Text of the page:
By PAUL A. BARRA
CHARLESTON — They were introduced as people “who have evidenced for us faith in action,” yet they have no intention of slowing the action anytime soon.
Most of the 60 people who gathered for the adult education session at the Cathedral of St. John the Baptist on July 4 thought that the three-and-a-half years the Purvis family contributed to missionary work in North Vietnam was more than enough. But David and Allison Purvis are going back to Hanoi until December 2000.
“It takes a long time, at least a year and a half, to become effective in this work,” David said. “We are committed to our work.”
The work the Purvis couple does as the only lay missionaries in the north of Vietnam appears interesting enough on the surface. Allison helps develop marketable job skills in youth, while David helps artisans in 12 villages produce and sell traditional crafts. They are improving the lot of a people who have suffered decade after decade of war and deprivation.
It’s the secret world of the communist country missioner that captivates them, however.
“The most life-giving things we do are all unofficial. If the government knew about them, they would not allow us to be involved. We have to stay as low-keyed as possible,” Allison said.
The couple help the children of lepers, who have identification cards from a leprosy camp and few opportunities to survive economically outside the camps where their parents are incarcerated. Allison and David Purvis, who are lay missioners (or associates) with Maryknoll, also use donations they receive to assist poor farmers. They bought a “mechanical buffalo,” for instance, for the communal cultivation of rice fields. They have also assisted in disaster relief efforts and in direct contributions to disabled people. Mostly, though, they try to disburse the funds available to them ($3,000 from the cathedral parish and about $1,000 each year from individuals) to help the people of Vietnam to help themselves. That much, at least, is easy.
“The Vietnamese are very hard-working people and welcoming. The average rural family income is about $200 a year. When we give money to them, we try to do it in an empowering way for them,” David said.
That’s how they became integral parts of their Diocese of Charleston parish in the years before they went overseas as missioners.
“They laid the groundwork for something greater with their social outreach ministry here,” said parishioner Ashley Pennington. “This is a spirit sharing with them because they were close to so many of the parishioners.”
Allison and David Purvis wanted to become close to the people of Vietnam also, but were concerned about the reception they would receive because of all the damage and death occasioned by air strikes against the north by the U.S. Air Force and Navy during the Vietnam War. They found no “residual animosity” in the people; the government is another matter.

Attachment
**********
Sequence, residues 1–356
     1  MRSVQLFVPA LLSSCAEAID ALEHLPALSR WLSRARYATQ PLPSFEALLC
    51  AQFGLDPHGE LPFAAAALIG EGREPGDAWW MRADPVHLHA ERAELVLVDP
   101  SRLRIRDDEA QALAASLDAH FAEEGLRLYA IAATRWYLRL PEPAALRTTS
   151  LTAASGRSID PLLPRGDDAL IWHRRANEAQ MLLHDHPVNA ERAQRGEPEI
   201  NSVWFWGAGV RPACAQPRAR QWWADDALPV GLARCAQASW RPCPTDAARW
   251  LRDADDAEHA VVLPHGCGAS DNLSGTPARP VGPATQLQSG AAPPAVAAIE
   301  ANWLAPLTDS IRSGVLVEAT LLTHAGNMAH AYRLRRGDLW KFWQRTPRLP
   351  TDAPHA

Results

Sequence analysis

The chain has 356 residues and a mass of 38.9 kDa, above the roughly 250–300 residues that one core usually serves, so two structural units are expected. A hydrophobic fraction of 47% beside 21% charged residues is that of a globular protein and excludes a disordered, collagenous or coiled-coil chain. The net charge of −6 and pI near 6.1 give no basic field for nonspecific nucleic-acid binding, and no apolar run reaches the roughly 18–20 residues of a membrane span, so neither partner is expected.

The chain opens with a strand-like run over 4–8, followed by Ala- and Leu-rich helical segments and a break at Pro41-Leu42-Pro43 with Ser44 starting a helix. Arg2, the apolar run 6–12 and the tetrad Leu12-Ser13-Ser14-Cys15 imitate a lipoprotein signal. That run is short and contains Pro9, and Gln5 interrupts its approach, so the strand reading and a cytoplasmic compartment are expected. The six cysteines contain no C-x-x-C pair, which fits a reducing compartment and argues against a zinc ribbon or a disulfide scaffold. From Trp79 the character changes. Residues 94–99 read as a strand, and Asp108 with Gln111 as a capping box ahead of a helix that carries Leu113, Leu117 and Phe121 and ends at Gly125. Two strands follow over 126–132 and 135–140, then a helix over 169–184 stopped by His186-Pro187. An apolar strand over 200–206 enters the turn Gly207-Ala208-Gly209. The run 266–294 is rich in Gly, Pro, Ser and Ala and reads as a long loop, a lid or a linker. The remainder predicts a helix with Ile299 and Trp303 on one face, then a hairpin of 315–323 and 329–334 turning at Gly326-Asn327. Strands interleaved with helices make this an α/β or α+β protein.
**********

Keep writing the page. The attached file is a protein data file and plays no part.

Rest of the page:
The communist regime accepts the presence of Maryknoll as a necessary nuisance, according to the Purvises, but will not permit foreign priests to celebrate Mass publicly, and all foreigners must live in one compound.
“We’re watched all the time. Our staff has to report to the government what we’re doing,” David said.
About 10 percent of the country is Catholic and have been permitted to worship openly and more or less freely for about the last nine years. Still, the Vietnamese Catholics are scrutinized as tightly as foreigners are, and the local Church is operating with one eye constantly over its collective shoulder. That concern transformed into a major disappointment for the South Carolina missioners.
“We found an exciting faith-filled community in Vietnam. The Hanoi cathedral is full every day at its 5:30 a.m. Mass. We had expected to be involved in the Church, but the government won’t allow it, and these people, who are so hospitable, have never welcomed us at the church. They’re afraid the government will try to shut it down,” Allison said.
There are “tons” of what the missioners call seminarians-in-waiting, barred from seminaries by federally imposed quotas. Many of them work with the Maryknoll missionaries, but all the ritualized spirituality of the Purvis’ religion is celebrated within the community of foreigners and within the walls of the foreign compound. The 6,000 foreigners in the nation are not embraced by indigenous faith communities.
Despite the many frustrations imposed by official Vietnam, David and Allison Purvis of Charleston feel a kinship with the people they serve. They adopted a boy, Nicholas Diep Purvis, 20 months ago and are now fluent in the language and have gained the trust of the people they know there, in a place so far away that it is almost on the way back again. They feel the Spirit calling them to complete some of the work they’ve begun.
“Slowly, slowly, conversions take place,” Allison said. “There’s something mysterious about the Vietnamese, something we just do not understand about their sensibilities yet. They’re still calling us.”
Anyone interested in helping them answer that call may send contributions to: Maryknoll Mission Association of the Faithful, P.O. Box 307, Maryknoll, NY 10545-0307. The memo section of the check should be made out to “Allison and David Purvis M.A.”